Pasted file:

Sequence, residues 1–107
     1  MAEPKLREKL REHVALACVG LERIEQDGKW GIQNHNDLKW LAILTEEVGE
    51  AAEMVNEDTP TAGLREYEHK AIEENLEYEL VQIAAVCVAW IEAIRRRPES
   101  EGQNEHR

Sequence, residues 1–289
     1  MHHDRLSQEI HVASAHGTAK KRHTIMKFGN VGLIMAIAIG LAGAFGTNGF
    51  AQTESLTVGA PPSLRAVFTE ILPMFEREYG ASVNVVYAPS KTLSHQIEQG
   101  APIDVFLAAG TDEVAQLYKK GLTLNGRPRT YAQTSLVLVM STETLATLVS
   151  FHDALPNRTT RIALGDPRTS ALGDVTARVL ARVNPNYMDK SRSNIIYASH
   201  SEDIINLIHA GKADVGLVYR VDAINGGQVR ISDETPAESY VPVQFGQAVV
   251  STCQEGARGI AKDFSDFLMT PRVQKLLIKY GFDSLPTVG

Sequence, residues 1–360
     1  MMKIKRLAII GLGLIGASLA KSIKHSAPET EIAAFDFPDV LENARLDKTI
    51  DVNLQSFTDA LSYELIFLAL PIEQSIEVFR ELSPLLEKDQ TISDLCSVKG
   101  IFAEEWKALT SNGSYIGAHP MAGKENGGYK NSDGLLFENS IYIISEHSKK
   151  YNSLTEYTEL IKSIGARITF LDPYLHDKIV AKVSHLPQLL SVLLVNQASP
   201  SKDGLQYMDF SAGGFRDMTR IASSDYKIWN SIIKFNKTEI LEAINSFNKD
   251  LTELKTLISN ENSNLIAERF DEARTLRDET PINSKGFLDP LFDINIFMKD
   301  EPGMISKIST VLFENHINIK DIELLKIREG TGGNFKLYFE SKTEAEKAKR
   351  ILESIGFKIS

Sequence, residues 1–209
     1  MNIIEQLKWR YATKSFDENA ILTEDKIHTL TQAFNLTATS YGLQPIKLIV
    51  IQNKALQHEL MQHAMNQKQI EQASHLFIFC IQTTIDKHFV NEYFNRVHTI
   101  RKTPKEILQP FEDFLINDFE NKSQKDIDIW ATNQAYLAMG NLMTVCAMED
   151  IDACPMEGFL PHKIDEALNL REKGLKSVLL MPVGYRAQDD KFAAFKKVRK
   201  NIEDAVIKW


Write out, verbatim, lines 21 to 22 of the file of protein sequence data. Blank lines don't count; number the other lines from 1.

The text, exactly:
Sequence, residues 1–209
     1  MNIIEQLKWR YATKSFDENA ILTEDKIHTL TQAFNLTATS YGLQPIKLIV